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  (ARCHIVES)Back to Current
It’s not a good thing (07/18/2004)
By Janet Lewis Burns

Bigger is badder! Well, in some cases that's true. I've recently read that McDonalds opens up 2,800 restaurants a year. One out of every five meals in the U.S. is fast food. Out with brown bag lunches, an apple a day, and meditation.

"Wal-Mart is not just the world's largest retailer. It's the world's largest company." So states Charles Fishman, in a December "Fast Company" magazine article I'd saved, entitled "The Wal-Mart You Don't Know." "Wal-Mart sold $244.5 billion worth of goods last year." The thriving chain "wields its power for just one purpose," Fishman writes, "to bring the lowest possible prices to its customers."

It will take another column to zero in on the reasons that the cost of such price scalping has had a devastating outcome for Wal-Mart's 21,000 suppliers. The article issues both praise and pulverization. Some have had to lay off employees and close U.S. plants in favor of outsourcing products from overseas. Consumers have been shortchanged and manipulated. We Americans are shopping ourselves out of jobs.

"We want clean air, clear water, good living conditions, the best health care in the world - yet we aren't willing to pay for anything manufactured under those restrictions," relates a Wal-Mart thread supplier Steve Dobbins.

Oh, oh! The Wal-Mart article precipitated a heated argument between me and my daughter Kelly and daughter-in-law Tracy. As I enthusiastically shared my views and Fishman's research, ranting about how I loathe huge, spacious stores, and stressing the virtues of shopping locally, did I ever get an earful!

Both girls, with small children and careers, stressed the timesaving convenience of everything "under one roof" and the savings of buying in bulk. I did understand that, and I think the older we are the future outcome of today's actions seems more immediate. They have child rearing (and their sanity) to focus on now. Global interactions are merely stuff of dry, daily news reports.

We've gone from dime stores to dollar stores, from a box of Cracker Jacks to collections of Barbie and Bratz dolls for begging children. (Lucky they have only two hands.) I recall that, years back, we were not capable of giving into the little ones because the money went just so far, and there existed few credit card bailouts to fall back on.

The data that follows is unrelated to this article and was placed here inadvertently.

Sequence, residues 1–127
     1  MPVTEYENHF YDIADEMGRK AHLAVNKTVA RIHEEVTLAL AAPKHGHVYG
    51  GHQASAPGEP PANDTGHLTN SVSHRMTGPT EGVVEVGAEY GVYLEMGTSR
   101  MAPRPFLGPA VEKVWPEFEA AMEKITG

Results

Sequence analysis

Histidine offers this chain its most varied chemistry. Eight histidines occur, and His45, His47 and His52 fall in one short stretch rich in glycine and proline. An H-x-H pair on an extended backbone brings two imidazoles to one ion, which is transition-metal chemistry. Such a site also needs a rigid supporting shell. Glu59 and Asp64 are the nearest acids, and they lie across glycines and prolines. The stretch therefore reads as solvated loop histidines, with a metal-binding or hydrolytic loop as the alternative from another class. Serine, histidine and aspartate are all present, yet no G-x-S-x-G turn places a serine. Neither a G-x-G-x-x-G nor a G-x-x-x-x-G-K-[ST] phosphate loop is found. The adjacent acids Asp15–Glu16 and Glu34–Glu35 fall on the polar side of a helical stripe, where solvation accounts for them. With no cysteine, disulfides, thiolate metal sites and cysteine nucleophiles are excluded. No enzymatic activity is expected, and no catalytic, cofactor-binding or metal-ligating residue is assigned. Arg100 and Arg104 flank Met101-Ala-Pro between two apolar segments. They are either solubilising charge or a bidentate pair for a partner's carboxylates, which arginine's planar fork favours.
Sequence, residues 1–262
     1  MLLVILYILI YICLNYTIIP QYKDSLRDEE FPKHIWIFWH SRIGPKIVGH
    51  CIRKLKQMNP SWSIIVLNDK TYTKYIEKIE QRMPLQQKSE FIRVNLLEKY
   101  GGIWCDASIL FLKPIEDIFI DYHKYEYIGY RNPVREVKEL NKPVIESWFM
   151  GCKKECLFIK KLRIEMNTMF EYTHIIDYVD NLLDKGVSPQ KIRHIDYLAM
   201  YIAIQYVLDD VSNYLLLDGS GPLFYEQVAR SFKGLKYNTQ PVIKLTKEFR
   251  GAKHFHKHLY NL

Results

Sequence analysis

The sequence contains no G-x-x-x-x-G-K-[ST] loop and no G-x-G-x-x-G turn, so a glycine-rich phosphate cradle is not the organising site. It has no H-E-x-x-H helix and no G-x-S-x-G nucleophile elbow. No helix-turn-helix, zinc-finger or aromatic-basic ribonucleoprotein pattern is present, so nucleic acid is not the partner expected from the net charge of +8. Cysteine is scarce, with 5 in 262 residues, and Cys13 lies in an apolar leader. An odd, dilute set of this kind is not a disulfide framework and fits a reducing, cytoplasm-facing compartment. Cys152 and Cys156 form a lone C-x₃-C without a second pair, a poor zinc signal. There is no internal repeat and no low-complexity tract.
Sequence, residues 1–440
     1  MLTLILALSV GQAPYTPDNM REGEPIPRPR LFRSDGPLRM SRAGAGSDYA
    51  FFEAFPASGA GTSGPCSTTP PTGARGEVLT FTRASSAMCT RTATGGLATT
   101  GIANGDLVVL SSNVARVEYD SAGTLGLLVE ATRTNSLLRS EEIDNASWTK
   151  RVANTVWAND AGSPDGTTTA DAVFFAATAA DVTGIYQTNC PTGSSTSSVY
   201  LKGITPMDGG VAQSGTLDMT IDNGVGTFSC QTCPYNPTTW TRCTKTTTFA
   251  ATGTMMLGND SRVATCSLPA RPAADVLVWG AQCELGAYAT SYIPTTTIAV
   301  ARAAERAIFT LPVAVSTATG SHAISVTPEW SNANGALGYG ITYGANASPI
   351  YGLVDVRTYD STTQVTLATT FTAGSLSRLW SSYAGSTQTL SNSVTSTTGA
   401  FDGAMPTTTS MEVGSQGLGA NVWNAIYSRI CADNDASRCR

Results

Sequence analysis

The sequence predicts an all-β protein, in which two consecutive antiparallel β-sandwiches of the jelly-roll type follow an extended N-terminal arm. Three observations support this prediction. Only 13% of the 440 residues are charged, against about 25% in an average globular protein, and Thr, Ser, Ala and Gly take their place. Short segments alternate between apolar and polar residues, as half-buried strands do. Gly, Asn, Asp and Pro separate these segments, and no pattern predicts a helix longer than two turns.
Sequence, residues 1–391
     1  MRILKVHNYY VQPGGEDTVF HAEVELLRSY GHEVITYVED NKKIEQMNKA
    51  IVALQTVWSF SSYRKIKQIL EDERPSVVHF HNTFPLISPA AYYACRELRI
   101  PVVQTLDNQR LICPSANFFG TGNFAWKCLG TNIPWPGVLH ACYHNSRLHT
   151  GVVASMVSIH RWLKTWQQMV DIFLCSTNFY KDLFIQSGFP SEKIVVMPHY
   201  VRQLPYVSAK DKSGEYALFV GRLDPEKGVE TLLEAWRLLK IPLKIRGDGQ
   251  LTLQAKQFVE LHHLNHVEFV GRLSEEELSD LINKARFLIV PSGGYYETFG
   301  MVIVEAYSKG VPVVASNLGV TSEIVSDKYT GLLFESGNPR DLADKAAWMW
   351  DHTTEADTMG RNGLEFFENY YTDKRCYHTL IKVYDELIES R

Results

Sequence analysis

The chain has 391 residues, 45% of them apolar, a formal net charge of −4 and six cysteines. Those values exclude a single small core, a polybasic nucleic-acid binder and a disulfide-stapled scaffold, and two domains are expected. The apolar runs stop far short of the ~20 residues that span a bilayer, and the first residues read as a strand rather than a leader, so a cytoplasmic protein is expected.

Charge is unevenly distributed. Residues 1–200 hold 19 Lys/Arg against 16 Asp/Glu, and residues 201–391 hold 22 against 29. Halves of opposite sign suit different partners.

I had not pressed the issue with the girls, about the most pertinent reason that I cringe when I walk through busy glass doors to an endless sea of aisles and long checkout lines. A stammering, inner voice moans "where are the wheelchairs?" Even though arthritis sufferers haven't got time for the pain, it looms its ugly head wherever we go. I rest my case.

Panic attack! Shuffling past things upon things, I try to spot what I came in for. Okay, I give up - where will I find camper toilet paper and pig's ears for Buckshot (our four-legged granddog)? The kid I asked didn't work there. Another didn't have a clue, as he searched for someone who might know. Oh well, I couldn't keep up to him anyway.

"Job loyalty" is a misnomer in this era of "the world owes me a living even if I don't work hard to earn it." Climbing the corporate ladder to success, an unprincipled rookie bypasses a few rungs to promote himself. A big company employer lets a longtime worker go because he can hire someone else to fill the position for a greatly reduced salary.

Reliable Baby Boomers are often replaced by immaculately dressed and attractive prospects, as these new kids on the block burst out of the academic chute. Smooth talkers, with cocky ambitions and dollar signs in their brains, their goals seldom soar beyond "how can I make big bucks in the least amount of hours?" "How many paid vacation and sick days do I get?"

Cracker Jacks no longer come with their petty plastic trinkets...McDonalds now serves salads...green catsup didn't go over. It's a good thing (once in a while). 


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